EU divides on climate payments, finds deal for Czechs on Lisbon treaty

By Incorrect Author 30 October 2009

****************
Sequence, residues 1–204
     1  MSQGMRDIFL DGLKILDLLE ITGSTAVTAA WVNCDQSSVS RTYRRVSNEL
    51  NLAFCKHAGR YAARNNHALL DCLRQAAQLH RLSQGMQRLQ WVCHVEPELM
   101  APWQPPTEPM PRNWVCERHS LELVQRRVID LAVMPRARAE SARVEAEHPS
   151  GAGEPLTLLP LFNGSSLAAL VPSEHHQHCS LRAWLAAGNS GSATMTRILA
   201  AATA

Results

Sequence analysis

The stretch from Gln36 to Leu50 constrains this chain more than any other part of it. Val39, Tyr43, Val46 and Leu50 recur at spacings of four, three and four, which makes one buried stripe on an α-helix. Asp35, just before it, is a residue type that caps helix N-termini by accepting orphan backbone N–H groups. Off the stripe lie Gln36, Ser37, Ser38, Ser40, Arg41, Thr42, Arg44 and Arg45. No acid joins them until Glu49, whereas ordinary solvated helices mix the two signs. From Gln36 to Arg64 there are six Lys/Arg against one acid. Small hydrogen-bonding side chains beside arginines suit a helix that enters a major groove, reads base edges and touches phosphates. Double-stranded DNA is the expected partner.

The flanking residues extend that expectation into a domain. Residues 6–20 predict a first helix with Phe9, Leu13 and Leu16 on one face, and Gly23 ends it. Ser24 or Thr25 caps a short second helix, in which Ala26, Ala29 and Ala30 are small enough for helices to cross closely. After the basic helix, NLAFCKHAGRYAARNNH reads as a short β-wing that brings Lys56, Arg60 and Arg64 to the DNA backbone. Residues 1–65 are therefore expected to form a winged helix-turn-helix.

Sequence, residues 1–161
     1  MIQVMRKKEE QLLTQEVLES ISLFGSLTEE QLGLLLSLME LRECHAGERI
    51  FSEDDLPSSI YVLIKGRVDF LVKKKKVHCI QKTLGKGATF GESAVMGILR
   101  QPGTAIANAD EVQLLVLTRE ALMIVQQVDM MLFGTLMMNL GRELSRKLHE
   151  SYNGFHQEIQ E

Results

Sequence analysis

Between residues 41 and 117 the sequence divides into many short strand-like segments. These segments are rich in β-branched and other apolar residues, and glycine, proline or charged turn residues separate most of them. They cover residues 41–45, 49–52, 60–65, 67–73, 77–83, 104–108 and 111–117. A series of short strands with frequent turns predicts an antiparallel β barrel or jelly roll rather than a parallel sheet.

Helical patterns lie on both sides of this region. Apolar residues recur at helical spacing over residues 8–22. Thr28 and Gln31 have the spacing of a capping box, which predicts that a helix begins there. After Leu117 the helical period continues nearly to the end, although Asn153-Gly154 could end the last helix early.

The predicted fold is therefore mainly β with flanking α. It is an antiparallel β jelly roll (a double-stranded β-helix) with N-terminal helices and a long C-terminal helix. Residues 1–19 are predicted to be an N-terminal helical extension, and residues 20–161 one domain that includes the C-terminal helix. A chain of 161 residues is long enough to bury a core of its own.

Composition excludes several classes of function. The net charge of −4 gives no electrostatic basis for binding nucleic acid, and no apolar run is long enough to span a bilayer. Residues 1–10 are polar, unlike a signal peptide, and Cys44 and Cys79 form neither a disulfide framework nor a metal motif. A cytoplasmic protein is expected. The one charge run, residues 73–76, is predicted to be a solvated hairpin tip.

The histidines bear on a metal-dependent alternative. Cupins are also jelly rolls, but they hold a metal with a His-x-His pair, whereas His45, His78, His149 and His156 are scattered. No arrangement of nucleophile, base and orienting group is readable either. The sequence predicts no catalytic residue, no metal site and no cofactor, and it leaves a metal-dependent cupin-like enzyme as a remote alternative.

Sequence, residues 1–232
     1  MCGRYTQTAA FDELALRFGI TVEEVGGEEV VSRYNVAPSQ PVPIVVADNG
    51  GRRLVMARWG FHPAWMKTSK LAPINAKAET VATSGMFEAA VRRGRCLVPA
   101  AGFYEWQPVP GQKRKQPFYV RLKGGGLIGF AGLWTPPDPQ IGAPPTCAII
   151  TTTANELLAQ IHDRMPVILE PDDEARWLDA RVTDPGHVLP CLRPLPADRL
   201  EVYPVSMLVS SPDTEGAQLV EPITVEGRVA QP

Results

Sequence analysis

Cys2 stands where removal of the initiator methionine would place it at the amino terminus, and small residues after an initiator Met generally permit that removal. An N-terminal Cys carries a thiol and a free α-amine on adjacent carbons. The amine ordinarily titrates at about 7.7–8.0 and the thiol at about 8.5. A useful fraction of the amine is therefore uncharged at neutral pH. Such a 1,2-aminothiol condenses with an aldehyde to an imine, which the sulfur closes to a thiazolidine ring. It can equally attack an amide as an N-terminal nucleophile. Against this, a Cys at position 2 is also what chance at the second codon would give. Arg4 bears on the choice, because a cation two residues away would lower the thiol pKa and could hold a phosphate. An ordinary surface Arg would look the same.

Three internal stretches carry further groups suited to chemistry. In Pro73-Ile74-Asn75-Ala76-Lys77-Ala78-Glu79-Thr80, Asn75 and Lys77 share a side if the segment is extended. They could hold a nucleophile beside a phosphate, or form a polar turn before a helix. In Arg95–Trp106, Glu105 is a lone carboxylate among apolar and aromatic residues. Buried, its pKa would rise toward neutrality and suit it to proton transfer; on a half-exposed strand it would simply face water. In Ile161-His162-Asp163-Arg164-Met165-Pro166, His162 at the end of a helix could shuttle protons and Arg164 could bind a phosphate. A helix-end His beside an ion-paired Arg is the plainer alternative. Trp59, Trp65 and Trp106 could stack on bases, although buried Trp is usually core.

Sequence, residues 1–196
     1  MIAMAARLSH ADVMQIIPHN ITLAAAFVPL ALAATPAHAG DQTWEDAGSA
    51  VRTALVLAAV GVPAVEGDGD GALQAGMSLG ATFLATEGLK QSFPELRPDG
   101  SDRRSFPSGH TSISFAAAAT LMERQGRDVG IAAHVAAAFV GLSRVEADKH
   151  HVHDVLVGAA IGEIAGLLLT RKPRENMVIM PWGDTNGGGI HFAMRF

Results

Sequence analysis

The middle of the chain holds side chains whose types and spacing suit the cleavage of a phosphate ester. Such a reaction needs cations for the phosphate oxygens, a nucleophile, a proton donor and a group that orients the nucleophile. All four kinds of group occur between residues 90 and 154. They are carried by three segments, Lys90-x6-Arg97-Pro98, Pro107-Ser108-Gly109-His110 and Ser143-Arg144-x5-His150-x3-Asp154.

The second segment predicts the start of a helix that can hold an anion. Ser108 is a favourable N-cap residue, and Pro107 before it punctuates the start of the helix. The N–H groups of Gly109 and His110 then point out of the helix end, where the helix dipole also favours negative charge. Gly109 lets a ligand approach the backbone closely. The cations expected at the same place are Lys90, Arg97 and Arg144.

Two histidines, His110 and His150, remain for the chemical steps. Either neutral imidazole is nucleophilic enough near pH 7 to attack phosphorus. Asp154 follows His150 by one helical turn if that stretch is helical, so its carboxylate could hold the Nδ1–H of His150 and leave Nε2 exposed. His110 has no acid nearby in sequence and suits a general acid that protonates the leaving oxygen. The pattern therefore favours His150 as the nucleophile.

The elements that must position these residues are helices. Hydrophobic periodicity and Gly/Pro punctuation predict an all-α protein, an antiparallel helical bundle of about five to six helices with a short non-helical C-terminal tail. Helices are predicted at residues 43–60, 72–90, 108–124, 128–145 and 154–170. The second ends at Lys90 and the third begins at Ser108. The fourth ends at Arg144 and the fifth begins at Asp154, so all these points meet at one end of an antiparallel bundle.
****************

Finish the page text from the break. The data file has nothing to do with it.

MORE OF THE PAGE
EU leaders are divided over how much cash to give to developing nations to cope with climate change. Polish finance minister Jacek Rostowski told the BBC Eastern European nations were ready to block the plan unless the rich nations paid a fair  (i.e. more than equal) share. Swedish Prime Minister Fredrik Reinfeldt, chairing the two-day meeting, said the EU's credibility was at stake over the plan. The EU is eager to come up with a united position ahead of December's Copenhagen summit, which is supposed to craft a new global climate treaty to replace the Kyoto Protocol. Meanwhile, however, the leaders sorted out a deal to win Czech support for the Lisbon Treaty. The Czechs gained an opt-out from the EU's Charter of Fundamental Rights, similar to one already granted to the UK and Poland. This should clinch the signature of Czech President Vaclav Klaus. Klaus’ signature is the final barrier in the path of the treaty's ratification by all member states. For more: BBC